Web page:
Part II of III
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This biographical record was transcribed and submitted by Cathy Kubly and it is a part of the Vermont Biographies Project for the US Biographies Project

VT BIO - Chittenden Co - CONVERSE Family (Part II of III)

Source: Genealogical and Family History of the State of Vermont: A Record of the Achievements of Her People in the Making of a Commonwealth and the Founding of a Nation. Carleton, ed. New York & Chicago: Lewis, 1903, pp 539-554

Mr. [John Heman] CONVERSE is one of the directors of the Pennsylvania & Northwestern Railroad, and incidentally has been interested in banking; and in addition to the financial institutions mentioned in the "Ariel," with which he is connected, he is a director in the Philadelphia Trust, Save Deposit and Insurance Company. The banks and trust companies of which he is a director are some of the largest and strongest in Philadelphia. The Philadelphia Savings Fund, a beneficial institution, has deposits to the extent of over $50 million, and over 175,000 separate accounts.

From 1896 to 1898 he was president of the Manufacturers Club of Philadelphia, which is not only a social club, but has been an organization [p 546] of much weight and influence as regards public questions of national finance and political economy.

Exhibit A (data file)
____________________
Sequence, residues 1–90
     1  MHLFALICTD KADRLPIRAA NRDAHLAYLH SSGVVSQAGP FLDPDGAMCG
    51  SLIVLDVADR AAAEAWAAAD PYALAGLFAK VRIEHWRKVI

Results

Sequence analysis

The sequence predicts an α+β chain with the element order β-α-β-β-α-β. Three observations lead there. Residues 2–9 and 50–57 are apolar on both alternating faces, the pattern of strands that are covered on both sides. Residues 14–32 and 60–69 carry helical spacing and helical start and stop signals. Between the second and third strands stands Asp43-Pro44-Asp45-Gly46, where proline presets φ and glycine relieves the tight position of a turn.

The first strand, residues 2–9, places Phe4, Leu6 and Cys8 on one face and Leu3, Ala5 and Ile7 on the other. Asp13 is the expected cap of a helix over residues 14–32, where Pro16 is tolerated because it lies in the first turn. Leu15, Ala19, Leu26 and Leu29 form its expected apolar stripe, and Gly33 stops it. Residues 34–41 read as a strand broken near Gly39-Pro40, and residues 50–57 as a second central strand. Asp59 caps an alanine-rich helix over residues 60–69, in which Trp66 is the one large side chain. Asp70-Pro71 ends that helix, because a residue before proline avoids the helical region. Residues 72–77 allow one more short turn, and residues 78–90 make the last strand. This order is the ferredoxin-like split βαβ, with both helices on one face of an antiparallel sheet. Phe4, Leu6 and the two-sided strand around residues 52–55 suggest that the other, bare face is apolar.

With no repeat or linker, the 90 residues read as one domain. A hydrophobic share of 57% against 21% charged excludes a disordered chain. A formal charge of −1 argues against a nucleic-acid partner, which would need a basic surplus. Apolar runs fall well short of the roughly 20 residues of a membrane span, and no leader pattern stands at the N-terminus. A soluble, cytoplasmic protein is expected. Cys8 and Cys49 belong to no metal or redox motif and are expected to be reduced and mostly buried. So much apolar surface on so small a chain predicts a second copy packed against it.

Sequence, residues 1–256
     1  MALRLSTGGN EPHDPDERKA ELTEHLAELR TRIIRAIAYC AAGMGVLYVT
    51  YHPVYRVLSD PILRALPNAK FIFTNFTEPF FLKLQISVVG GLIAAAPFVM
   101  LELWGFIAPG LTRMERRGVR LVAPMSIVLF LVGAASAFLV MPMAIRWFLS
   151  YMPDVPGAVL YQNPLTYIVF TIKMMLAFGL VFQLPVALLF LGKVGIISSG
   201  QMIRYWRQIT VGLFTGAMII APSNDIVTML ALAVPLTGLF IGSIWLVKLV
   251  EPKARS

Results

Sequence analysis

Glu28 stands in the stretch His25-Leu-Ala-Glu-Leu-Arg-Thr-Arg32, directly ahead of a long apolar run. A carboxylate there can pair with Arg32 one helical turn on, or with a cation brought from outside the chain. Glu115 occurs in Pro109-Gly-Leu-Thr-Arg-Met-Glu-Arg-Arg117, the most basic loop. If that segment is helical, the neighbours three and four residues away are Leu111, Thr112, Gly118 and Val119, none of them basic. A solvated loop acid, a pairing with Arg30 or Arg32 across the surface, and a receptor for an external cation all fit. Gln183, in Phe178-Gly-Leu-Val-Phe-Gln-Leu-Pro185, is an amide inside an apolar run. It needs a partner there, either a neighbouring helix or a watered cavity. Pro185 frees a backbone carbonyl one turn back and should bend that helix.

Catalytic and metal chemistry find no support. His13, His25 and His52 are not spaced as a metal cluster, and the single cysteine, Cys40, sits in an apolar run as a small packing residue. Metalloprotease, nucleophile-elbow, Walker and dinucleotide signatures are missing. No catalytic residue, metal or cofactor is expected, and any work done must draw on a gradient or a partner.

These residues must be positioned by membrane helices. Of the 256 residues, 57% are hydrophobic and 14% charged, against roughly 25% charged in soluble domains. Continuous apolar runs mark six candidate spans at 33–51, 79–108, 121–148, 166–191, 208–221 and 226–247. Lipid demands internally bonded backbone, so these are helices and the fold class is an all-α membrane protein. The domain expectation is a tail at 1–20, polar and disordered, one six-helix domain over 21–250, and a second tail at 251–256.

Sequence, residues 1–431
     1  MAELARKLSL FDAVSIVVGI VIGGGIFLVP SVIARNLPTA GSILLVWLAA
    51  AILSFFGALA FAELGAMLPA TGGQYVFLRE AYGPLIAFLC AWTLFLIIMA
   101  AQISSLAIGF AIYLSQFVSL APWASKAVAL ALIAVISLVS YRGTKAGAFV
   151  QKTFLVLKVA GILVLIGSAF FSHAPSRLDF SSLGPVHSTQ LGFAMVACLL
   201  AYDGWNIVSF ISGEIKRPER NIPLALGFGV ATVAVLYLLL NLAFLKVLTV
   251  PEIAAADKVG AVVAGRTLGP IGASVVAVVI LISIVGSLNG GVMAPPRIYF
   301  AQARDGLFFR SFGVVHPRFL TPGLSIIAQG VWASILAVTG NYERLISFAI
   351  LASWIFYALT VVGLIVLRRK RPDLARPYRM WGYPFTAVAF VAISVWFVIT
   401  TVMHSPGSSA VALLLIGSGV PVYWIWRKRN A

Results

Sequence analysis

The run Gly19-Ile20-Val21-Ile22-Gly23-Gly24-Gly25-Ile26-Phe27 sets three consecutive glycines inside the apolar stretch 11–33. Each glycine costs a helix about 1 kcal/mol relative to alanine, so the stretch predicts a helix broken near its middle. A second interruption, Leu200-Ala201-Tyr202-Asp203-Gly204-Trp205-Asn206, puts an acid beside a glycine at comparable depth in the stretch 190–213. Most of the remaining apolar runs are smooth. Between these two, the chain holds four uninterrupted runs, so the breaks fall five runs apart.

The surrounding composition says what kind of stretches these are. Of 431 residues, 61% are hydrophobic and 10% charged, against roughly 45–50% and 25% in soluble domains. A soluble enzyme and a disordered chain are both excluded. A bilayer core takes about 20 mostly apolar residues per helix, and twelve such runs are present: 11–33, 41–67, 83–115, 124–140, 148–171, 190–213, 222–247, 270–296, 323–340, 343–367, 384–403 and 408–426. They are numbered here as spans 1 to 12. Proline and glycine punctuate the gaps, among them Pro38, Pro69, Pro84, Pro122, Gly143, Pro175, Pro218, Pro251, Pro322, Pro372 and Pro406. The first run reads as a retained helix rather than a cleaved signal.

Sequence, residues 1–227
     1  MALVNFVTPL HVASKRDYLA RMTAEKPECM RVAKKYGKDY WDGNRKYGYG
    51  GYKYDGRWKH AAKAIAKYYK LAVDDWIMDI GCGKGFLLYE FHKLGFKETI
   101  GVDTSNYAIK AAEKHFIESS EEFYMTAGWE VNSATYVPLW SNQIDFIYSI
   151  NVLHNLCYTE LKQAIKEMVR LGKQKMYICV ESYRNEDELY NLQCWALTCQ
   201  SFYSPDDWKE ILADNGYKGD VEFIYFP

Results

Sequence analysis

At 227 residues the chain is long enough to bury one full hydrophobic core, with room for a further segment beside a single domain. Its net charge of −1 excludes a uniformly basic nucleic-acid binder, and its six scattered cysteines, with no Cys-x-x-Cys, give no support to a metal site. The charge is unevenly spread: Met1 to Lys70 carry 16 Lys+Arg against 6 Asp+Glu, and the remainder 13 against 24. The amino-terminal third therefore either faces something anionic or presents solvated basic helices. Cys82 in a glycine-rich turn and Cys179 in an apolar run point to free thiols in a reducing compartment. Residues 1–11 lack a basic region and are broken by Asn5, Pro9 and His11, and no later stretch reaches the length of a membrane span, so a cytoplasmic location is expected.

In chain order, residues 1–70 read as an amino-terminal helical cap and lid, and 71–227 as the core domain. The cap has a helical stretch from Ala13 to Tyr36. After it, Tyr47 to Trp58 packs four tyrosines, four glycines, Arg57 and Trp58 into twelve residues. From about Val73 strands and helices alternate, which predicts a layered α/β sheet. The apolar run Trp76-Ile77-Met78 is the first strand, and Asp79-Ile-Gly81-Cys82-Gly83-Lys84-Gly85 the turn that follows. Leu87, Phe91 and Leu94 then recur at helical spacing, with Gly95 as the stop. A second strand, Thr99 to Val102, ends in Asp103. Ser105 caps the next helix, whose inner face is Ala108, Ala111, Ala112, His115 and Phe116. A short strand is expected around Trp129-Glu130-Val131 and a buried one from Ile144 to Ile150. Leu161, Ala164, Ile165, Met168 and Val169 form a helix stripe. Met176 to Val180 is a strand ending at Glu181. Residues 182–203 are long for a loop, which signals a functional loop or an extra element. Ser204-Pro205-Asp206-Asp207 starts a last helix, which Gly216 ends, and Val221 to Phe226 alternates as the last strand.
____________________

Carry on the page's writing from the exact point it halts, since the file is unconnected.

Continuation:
During the time of the free silver agitation he did good work as the president of the Sound Money League of Pennsylvania. He is treasurer of the Christian League of Philadelphia, of which the object is to compel the enforcement of the laws against vice and immorality; and is first vice chairman of the Philadelphia Committee for the Czar's International Peace Conference, Hon. George F. EDMUNDS being chairman.

He [John Heman CONVERSE] is interested in art. He is one of the advisory committee of the Art Association of the Union League of Pennsylvania, and it was largely through his agency and means that Ridgeway KNIGHT's "Le Soir" was procured for the walls of that club house. To the collection of paintings in the Pennsylvania Academy of the Fine Arts, of which he is a director, he presented the large canvas "The Hailing of the Ferry," by Ridgeway KNIGHT. The Converse Medal was founded by him in the Pennsylvania Academy of Fine Arts as a prize for high achievement by American painters and sculptors. He is president of the Fairmount Park Art Association, which has done so much to beatify Fairmount Park, with sculpture of the highest order. The exercises over which he presided, in connection with the presentation of a statue of GARFIELD in Fairmount Park by that association in 1896, were the occasion of a distinguished assemblage.

As president of the Fairmount Park Art Association, Mr. [John Heman] CONVERSE also presided at the ceremonies of the unveiling of the Grant statue in Fairmount Park, 27 April 1899, which was illustrated and thus described in "Harper's Weekly" of 06 May 1899:

A New Statue of Grant

A commemorative bronze statue of General Ulysses S. GRANT was unveiled in Fairmount Park, Philadelphia, on 27 April [1899], the seventy-seventh anniversary of the birth of the great commander of the Union armies. President McKINLEY, with many distinguished officers of the nation and state, took part in the ceremonies.